Life Cycle of Trypanosma brucei gambiense and Trypanosma brucei rhodesiense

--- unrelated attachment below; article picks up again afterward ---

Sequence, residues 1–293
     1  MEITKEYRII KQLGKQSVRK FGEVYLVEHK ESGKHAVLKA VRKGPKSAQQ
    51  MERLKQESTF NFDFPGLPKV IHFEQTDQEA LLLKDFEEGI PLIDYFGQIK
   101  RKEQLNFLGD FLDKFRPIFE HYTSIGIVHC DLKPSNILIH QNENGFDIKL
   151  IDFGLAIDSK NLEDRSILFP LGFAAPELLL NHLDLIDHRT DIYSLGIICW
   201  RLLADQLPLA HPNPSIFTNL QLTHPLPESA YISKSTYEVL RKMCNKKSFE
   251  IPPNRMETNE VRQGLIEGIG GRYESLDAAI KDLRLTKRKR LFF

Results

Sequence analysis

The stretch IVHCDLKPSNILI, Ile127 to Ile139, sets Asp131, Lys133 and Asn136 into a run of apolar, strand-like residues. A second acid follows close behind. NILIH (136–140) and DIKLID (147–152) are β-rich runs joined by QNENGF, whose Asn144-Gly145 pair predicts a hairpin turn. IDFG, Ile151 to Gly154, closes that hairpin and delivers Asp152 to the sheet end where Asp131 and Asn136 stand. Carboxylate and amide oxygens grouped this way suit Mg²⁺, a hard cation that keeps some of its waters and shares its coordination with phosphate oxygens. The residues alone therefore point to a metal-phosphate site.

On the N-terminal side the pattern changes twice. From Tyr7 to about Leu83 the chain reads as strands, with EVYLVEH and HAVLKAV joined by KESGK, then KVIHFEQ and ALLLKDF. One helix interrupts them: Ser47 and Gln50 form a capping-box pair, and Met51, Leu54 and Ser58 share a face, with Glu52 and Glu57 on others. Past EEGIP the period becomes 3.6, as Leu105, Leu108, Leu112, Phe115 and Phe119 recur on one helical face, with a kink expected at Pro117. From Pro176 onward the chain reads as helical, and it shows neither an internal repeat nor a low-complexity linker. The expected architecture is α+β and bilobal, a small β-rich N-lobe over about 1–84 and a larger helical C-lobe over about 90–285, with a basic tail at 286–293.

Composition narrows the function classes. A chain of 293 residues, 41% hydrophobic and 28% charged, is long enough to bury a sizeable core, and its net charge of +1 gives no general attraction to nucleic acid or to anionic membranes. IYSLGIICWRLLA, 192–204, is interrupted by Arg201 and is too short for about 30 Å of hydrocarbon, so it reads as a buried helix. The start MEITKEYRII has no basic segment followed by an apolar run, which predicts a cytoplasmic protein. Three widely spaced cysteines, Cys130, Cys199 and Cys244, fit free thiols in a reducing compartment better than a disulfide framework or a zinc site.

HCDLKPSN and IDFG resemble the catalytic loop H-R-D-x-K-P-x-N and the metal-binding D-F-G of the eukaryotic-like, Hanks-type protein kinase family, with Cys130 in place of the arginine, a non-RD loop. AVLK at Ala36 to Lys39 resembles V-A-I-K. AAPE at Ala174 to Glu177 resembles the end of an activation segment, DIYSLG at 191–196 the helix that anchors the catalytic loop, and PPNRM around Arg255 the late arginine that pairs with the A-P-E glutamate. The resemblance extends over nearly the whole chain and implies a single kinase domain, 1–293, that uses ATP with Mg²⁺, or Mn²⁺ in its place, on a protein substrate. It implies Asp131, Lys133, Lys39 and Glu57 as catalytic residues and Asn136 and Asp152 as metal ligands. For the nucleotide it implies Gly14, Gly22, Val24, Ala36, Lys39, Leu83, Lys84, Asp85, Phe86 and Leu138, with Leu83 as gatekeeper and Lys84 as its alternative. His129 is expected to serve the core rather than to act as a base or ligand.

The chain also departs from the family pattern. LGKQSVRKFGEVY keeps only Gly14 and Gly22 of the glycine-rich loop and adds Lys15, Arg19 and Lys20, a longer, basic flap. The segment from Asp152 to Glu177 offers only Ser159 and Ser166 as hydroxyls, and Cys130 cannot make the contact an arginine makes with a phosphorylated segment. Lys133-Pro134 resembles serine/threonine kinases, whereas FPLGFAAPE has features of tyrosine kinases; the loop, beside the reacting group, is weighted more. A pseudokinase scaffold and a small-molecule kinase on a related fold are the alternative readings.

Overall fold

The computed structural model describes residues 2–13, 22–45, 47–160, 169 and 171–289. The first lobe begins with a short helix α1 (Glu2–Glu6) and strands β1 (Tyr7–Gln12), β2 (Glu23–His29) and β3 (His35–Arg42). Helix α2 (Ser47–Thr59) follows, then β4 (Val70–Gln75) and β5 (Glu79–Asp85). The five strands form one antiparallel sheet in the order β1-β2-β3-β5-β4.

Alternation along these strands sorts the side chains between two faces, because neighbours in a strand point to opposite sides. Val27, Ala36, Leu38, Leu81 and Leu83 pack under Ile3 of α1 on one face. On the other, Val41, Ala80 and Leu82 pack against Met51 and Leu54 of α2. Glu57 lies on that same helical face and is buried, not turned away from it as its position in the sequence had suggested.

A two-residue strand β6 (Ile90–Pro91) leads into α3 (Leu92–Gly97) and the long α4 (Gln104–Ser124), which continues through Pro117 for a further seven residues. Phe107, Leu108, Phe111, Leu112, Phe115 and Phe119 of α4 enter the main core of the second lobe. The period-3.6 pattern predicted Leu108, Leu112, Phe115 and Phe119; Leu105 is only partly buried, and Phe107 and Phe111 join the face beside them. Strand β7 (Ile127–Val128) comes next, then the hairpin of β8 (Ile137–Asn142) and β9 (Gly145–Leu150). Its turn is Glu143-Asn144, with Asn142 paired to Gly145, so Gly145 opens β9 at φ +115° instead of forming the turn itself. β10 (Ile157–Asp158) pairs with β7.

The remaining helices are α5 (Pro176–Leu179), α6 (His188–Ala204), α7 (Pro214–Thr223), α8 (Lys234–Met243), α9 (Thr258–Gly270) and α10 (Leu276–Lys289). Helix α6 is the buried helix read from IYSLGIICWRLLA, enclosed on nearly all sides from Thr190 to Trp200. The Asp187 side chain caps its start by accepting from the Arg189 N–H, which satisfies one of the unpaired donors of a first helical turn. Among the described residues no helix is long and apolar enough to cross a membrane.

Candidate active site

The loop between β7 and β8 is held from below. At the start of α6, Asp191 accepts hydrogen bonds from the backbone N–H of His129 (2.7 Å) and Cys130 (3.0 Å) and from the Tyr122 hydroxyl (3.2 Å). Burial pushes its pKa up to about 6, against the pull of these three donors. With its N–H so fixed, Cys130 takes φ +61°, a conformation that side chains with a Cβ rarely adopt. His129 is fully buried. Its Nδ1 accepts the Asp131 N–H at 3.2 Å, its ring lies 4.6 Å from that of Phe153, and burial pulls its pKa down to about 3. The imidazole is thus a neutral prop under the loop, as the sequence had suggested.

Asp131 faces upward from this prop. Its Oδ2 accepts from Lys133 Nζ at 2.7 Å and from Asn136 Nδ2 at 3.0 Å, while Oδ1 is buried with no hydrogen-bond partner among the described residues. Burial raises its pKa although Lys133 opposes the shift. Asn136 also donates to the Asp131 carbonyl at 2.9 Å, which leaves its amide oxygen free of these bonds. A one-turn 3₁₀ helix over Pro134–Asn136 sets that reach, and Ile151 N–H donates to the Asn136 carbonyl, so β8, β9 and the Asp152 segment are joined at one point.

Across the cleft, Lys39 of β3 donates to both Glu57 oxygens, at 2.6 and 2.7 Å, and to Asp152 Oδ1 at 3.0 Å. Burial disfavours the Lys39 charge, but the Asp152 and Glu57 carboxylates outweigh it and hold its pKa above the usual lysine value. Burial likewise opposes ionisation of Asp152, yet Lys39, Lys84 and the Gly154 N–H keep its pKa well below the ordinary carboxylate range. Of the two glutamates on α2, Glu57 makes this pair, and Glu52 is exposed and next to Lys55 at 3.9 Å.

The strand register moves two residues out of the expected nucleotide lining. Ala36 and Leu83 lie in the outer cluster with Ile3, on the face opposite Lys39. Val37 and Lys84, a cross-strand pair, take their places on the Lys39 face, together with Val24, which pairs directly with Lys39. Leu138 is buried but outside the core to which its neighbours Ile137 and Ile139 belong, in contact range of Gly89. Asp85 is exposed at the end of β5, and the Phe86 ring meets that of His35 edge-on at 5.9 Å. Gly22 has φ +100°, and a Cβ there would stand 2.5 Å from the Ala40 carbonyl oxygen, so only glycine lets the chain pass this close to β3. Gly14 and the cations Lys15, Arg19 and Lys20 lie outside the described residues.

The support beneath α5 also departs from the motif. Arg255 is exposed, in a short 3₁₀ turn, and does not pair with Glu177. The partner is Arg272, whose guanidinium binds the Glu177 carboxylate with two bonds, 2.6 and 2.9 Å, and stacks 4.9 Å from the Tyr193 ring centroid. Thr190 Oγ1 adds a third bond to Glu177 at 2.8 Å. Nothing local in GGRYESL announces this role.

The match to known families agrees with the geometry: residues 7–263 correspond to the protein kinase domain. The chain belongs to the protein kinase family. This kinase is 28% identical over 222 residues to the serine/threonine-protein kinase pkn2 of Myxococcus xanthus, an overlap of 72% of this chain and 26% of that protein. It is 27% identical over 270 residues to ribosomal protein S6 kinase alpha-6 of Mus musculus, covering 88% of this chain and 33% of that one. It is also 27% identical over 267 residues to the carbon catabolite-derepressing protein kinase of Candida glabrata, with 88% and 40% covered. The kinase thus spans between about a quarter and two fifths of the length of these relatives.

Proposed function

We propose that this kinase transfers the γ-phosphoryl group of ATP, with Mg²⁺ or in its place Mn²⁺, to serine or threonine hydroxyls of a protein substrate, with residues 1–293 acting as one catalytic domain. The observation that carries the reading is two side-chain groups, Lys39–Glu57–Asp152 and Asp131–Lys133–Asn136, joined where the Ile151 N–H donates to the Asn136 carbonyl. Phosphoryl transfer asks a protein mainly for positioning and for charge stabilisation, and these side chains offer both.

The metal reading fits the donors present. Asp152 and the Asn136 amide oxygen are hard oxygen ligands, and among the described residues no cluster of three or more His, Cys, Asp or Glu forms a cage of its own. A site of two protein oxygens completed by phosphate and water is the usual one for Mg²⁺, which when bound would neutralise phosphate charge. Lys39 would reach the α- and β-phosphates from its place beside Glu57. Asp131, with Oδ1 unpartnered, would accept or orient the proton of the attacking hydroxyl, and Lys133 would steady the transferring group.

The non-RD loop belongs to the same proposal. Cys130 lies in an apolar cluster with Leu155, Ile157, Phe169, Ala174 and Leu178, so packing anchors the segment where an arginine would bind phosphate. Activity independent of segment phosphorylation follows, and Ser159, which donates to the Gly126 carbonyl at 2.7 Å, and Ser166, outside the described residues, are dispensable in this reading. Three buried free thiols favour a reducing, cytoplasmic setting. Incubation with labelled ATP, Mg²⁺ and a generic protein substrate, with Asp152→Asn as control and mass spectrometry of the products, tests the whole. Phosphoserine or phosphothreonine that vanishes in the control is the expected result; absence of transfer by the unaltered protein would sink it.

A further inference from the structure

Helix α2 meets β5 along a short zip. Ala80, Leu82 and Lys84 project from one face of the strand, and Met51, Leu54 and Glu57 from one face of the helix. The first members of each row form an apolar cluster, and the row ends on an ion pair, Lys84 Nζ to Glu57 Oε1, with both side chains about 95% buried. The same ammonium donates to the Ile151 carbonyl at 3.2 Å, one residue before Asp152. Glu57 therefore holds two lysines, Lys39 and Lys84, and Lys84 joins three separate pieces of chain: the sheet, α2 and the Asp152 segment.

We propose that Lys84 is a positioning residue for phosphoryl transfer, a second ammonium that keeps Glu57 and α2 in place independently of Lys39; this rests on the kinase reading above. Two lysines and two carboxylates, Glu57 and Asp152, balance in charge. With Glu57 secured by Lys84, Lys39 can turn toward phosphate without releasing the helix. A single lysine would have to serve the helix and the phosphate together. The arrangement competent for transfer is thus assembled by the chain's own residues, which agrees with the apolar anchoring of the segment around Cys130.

During a blood meal on the mammalian host, an infected tsetse fly (genus Glossina) injects metacyclic trypomastigotes into skin tissue.  The parasites enter the lymphatic system and pass into the bloodstream  .  Inside the host, they transform into bloodstream trypomastigotes  , are carried to other sites throughout the body, reach other blood fluids (e.g., lymph, spinal fluid), and continue the replication by binary fission  .  The entire life cycle of African Trypanosomes is represented by extracellular stages.  The tsetse fly becomes infected with bloodstream trypomastigotes when taking a blood meal on an infected mammalian host ( ,  ).  In the fly’s midgut, the parasites transform into procyclic trypomastigotes, multiply by binary fission  , leave the midgut, and transform into epimastigotes  .  The epimastigotes reach the fly’s salivary glands and continue multiplication by binary fission  .  The cycle in the fly takes approximately 3 weeks.  Humans are the main reservoir for Trypanosoma brucei gambiense, but this species can also be found in animals.  Wild game animals are the main reservoir of T. b. rhodesiense.